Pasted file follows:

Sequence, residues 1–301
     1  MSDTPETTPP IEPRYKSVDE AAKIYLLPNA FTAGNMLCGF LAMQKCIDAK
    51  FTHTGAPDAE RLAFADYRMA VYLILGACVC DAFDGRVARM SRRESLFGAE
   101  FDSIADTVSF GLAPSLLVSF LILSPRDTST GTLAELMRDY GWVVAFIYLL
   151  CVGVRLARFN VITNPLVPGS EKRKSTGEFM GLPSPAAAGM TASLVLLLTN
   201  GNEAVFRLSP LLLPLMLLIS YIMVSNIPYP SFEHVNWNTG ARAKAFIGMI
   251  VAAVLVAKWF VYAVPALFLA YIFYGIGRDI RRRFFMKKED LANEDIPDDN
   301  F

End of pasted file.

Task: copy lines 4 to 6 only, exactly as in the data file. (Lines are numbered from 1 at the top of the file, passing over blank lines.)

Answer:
   101  FDSIADTVSF GLAPSLLVSF LILSPRDTST GTLAELMRDY GWVVAFIYLL
   151  CVGVRLARFN VITNPLVPGS EKRKSTGEFM GLPSPAAAGM TASLVLLLTN
   201  GNEAVFRLSP LLLPLMLLIS YIMVSNIPYP SFEHVNWNTG ARAKAFIGMI